So Loserville is losing the valiant battle of Kevin Wallace and his co-producers to bring a brand-new, British written original musical to the West End (but those producers are even more valiantly keeping it running through to the New Year so that the kids in the show, for many of whom this represents their West End debuts, are not out of work over Christmas).
And inevitably a cry of blame immediately arrived in my Facebook inbox, via a message from a well-known director (but not of this show): “Loserville is closing. Almost entirely due to those slightly over-weight, white, male, middle-class critics in their late fifties who closed it. Write about this, Mark!! Who the fuck is theatre for?”
It’s of course utter nonsense that critics close shows – in a brutal marketplace, shows are closed by producers (and more importantly their landlords, who can invoke break clauses to bring down the curtain and rush in a more viable product – in this case, rumoured to be Rock of Ages, which is depressing enough even when it is not shunting out a far more original and enjoyable musical).
As regular readers of this blog will know, I championed Loserville a lot, in fact. On the other hand, lots of critics – but not me – loved Betty Blue Eyes and that met an early death, too, even though it had a very powerful producer in Cameron Mackintosh, with very deep pockets. (Last week, incidentally, Arts Educational School in Chiswick staged a new production of Betty Blue Eyes with a bunch of their 3rd year students that Mackintosh and the show’s authors Anthony Drewe and George Stiles reportedly loved, and may yet give fresh impetus to offer a different, smaller take on the show).
Last week Bill Kenwright, who knows a thing or two about both hits and flops, told me
If you can get a production that the public claim as their own, that’s when you’ve cracked it – it was the public that made Blood Brothers and the public that made Joseph. You can’t fool them.
Now there’s no doubt that critics can help steer the public towards shows that they might not otherwise have heard about. But actually London was saturated in posters and publicity about Loserville, so it wasn’t our job to be the part of the publicity machine, or a failure of letting the public know about the show that killed Loserville. Nor were the critics uniformly hostile, either. Though the Daily Telegraph was admittedly negative, its readership hardly comprises the show’s intended demographic it was seeking to attract.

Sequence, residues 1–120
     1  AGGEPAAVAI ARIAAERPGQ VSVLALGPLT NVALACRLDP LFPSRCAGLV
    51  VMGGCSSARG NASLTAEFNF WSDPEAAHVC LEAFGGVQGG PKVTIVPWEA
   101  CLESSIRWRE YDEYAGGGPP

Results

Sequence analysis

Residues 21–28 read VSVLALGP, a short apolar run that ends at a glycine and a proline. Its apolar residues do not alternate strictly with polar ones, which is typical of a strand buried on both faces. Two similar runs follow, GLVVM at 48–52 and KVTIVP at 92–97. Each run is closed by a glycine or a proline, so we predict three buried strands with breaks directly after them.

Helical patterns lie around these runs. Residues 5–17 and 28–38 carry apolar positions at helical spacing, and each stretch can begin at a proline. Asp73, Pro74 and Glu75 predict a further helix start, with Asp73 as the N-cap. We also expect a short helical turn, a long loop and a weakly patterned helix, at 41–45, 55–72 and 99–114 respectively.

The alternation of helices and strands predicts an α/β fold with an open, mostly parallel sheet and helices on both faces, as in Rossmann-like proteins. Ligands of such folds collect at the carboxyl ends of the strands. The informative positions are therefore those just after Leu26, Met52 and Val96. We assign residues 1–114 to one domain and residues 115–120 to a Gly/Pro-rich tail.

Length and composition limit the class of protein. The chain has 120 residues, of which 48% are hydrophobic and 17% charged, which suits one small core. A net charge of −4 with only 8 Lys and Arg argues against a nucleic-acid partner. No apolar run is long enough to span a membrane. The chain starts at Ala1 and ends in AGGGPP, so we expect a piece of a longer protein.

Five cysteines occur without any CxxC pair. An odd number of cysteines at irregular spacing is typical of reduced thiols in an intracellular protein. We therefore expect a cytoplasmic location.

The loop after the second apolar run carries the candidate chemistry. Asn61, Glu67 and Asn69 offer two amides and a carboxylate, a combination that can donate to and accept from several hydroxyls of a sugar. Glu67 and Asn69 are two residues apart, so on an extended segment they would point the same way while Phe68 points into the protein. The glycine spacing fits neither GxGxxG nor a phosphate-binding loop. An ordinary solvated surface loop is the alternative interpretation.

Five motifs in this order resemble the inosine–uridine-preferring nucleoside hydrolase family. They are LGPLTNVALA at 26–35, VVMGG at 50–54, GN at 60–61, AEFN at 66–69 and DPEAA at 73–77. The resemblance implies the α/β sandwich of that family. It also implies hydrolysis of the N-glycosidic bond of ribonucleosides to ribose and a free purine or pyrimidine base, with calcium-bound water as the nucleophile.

As my Facebook director friend went on to say to me:
Loserville OUGHT to be running and building the new audience. Critics OUGHT to understand that. Or the numbers decline will inevitably continue. And you are as responsible for the numbers as we are. Or why would we give you those free seats? Kindness of our hearts?
But the free tickets are not in exchange for guaranteed approval. People who write, produce and star in musicals love good reviews – who doesn’t? – but critics have to write honestly, from their own perspectives. Some of them may indeed by “slightly over-weight, white, male middle class critics in their late fifties”; but it’s also a willfully distorted picture of who reviews theatre nowadays that ignores a lot of younger and female critics.
Amongst them, Danielle Goldstein gave Loserville a four star review in Time Out that earned it a Critics’ Choice tag; at the other end of the age spectrum, Libby Purves of The Times took a nephew with her, and quoted extensively from him in her three star review.
Her review concluded,
To my ear the music is rackety, woefully unsubtle and utterly unvaried. There are 18 big numbers that all sound the same, except What’s so Weird About Me? in Act II. But what do I know? The nephew, my expert witness, assures me that mid-Noughties pop rock did sound like that, and was considered perfectly acceptable.
What’s unacceptable is for theatre makers to turn themselves into victims of the critics. This show was not killed by critics. It’s true that it wasn’t helped by (some of) them; but it was always going to be a tough sell. It had no stars and no title recognition factor. It only had a producer who believed in it strongly enough to bring it from Leeds to London, but not enough time to find or build an audience before other producers started circling around the theatre to claim it for something else.